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Digitally optimizing energy assets for decarbonization and cost savings


Reduction in time spent on manual forecasting


Savings per year due to energy optimization predicted

PLATFORM USE CASE: Machine Learning
CLOUD: Azure
SSE Energy Solutions

“By enabling us to optimize the performance of our assets more effectively, Databricks plays an important role in our mission to reduce carbon emissions and minimize their impact on the environment and people’s lives.”

— Rachel Hassall, Head of Data and Analytics at SSE Digital Services

The drive for renewable energy and the mission to reach net-zero is decentralizing the generation of power. The energy generation mix of businesses is becoming increasingly complex, including onsite and offsite generation, battery storage and importing energy from the grid, as well as exporting to the grid at the most optimum time. As a renewable-focused energy company committed to reducing carbon emissions, SSE Energy Solutions recognizes the importance of the application of data and analytics in managing this mix, harnessing energy data for a range of purposes from assessing usage and forecasting future energy demand to measuring the output of renewable generation and benchmarking the consumption of green energy. But the use of virtual machines to optimize the machine learning (ML) workflow was not sustainable. With Databricks now part of the solution, SSE Energy Solutions can regularly run their optimizations, scaling the solution and helping to ensure their combined heat and power (CHP) systems run more effectively, with considerably reduced time, effort and associated costs.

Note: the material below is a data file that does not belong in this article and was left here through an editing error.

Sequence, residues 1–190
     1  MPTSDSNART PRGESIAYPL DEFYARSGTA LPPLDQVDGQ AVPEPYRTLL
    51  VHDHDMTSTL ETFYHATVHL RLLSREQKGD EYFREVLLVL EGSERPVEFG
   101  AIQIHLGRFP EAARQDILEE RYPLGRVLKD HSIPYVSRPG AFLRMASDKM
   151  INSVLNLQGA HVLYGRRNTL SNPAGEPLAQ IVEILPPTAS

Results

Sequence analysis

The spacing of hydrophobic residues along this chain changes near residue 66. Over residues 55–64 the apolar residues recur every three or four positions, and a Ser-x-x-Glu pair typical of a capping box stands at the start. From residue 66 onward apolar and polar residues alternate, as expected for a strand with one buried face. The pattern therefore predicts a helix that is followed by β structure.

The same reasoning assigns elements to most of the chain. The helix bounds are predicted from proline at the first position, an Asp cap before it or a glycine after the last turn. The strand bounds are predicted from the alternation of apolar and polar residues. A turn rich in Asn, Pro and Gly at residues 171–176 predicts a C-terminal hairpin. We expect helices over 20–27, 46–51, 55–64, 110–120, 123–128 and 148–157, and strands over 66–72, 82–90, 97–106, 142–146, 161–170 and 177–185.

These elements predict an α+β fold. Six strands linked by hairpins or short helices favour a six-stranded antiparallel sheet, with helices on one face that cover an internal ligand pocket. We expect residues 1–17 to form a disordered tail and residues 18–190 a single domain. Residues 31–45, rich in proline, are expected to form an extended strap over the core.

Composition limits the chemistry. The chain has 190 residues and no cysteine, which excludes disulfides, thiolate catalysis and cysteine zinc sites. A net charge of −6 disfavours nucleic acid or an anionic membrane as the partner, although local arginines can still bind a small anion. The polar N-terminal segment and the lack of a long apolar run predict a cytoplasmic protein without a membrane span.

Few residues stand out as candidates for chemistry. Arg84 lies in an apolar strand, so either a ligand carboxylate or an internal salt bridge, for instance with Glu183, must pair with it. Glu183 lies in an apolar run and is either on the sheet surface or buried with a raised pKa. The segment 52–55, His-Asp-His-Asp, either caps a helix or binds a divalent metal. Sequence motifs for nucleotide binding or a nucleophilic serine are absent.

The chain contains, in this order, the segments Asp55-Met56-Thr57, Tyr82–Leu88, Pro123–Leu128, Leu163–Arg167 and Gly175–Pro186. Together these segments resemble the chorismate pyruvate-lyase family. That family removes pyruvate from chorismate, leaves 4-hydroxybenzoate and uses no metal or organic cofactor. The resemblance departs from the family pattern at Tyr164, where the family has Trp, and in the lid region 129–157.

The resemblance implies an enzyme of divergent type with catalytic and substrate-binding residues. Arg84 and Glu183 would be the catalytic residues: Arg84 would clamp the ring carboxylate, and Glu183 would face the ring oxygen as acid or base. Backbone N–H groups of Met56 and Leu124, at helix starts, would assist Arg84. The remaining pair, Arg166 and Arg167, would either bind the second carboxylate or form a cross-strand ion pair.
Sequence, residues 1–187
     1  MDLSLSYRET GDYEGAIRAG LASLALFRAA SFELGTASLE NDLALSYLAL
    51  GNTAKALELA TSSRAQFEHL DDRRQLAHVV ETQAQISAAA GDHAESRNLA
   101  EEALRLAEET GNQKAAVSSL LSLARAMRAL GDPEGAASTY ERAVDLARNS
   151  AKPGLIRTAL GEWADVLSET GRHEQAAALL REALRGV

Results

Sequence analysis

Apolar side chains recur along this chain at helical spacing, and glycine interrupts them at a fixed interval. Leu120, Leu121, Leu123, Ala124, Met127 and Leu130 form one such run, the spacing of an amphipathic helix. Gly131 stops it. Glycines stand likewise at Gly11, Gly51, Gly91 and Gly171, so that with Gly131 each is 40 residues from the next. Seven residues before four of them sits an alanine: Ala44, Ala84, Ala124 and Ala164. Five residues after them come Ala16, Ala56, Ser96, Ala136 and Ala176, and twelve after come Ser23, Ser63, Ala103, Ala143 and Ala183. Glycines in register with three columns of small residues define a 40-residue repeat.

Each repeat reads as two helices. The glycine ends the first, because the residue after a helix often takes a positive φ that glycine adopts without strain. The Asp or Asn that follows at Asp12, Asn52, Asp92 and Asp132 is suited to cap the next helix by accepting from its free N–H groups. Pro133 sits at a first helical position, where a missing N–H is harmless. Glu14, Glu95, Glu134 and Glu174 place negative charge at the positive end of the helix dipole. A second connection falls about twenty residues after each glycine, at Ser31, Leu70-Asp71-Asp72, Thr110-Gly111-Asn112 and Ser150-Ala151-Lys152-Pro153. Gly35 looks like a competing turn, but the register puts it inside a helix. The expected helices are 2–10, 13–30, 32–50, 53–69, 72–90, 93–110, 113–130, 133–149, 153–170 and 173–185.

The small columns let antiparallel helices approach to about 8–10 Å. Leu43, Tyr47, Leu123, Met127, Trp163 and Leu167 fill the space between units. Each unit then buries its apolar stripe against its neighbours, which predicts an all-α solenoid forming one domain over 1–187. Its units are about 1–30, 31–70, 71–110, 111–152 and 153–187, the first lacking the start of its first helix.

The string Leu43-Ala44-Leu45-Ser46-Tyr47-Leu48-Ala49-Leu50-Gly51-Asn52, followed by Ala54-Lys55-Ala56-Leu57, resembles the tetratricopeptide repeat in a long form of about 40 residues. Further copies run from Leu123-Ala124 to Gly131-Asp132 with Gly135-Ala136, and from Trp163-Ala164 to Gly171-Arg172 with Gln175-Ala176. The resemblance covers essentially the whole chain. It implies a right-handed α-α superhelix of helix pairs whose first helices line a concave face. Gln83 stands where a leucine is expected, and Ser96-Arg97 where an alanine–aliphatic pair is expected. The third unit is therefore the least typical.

Use of VMs for ML optimization proves to be manually intensive, costly

SSE PLC is a net-zero focused energy company that generates, transmits, distributes and supplies gas and electricity across the UK and Ireland. Sitting within SSE Energy Solutions, a division of the company that invests, builds and operates distributed energy infrastructure, SSE Digital Services has a dedicated data and analytics team. Individual data scientists, architects, engineers and analysts work together to produce business value from data held by different units within the organization, supporting customers to manage the increasingly diverse mix of energy generation methods and, ultimately, reduce carbon emissions.

One of these uses cases was designed to reduce the costs and improve the efficiency of operating SSE Heat Networks’ CHP distributed networks and, by doing so, lower carbon emissions. Through detailed analysis, the team saw an opportunity to optimize their heat networks through the application of new digital twins, process optimizations and the use of machine learning techniques.

The team initially ran the ML-powered optimization models on virtual machines (VMs). “We quickly realized that each run required large amounts of manual input,” said Rachel Hassall, Head of Data and Analytics at SSE Digital Services. “It was a hugely inefficient use of our data scientists’ time.” SSE needed a solution that would enable them to scale the optimization of their CHPs more efficiently — and cost-effectively — than their VMs. That’s where Databricks came in.

Lakehouse architecture improves the speed of response and prediction of future behavior